蓝海人类学在线 Ryan WEI's Forum of Anthropology

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发表于 2009-6-29 18:40 | 显示全部楼层 |阅读模式
Hum Genet (2004) 114 : 354–365 DOI 10.1007/s00439-003-1073-7

Contrasting patterns of Y chromosome variation in Ashkenazi Jewish and host non-Jewish European populations
Doron M. Behar · Daniel Garrigan · Matthew E. Kaplan · Zahra Mobasher · Dror Rosengarten · Tatiana M. Karafet · Lluis Quintana-Murci · Harry Ostrer · Karl Skorecki · Michael F. Hammer

The molecular basis of more than 25 genetic diseases has been described in Ashkenazi Jewish populations. Most of these diseases are characterized by one or two major founder mutations that are present in the Ashkenazi population at elevated frequencies. One explanation for this preponderance of recessive diseases is accentuated genetic drift resulting from a series of dispersals to and within Europe, endogamy, and/or recent rapid population growth. However, a clear picture of the manner in which neutral genetic variation has been affected by such a demographic history has not yet emerged. We have examined a set of 32 binary markers (single nucleotide polymorphisms; SNPs) and 10 microsatellites on the non-recombining portion of the Y chromosome (NRY) to investigate the ways in which patterns of variation differ between Ashkenazi Jewish and their non-Jewish host populations in Europe. This set of SNPs defines a total of 20 NRY haplogroups in these populations, at least four of which are likely to have been part of the ancestral Ashkenazi gene pool in the Near East, and at least three of which may have introgressed to some degree into Ashkenazi populations after their dispersal to Europe. It is striking that whereas Ashkenazi populations are genetically more diverse at both the SNP and STR level compared with their European non-Jewish counterparts, they have greatly reduced within-haplogroup STR variability, especially in those founder haplogroups that migrated from the Near East. This contrasting pattern of diversity in Ashkenazi populations is evidence for a reduction in male effective population size, possibly resulting from a series of founder events and high rates of endogamy within Europe. This reduced effective population size may explain the high incidence of founder disease mutations despite overall high levels of NRY diversity.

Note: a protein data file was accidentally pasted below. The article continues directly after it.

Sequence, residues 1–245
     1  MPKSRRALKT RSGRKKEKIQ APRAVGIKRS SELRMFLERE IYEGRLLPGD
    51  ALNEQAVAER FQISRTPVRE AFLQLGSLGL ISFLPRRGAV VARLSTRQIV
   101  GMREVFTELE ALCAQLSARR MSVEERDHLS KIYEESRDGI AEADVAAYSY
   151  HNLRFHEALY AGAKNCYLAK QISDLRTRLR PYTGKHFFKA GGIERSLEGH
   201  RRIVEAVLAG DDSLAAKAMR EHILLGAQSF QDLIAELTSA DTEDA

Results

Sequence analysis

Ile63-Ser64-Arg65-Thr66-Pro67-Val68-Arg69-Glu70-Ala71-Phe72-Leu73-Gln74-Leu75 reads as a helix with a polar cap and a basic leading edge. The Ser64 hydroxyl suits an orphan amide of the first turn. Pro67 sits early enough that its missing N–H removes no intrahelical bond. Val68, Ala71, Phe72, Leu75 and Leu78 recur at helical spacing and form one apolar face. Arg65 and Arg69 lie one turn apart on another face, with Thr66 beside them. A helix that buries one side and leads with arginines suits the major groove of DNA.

楼主| 发表于 2010-2-7 21:48 | 显示全部楼层
Ashkenazi Jews have the following non-Caucasoid Y-haplogroups.

3 E*(xE3b) African
1 N Asian
23 Q Asian

Total: 27 out of 442 (6.1%)
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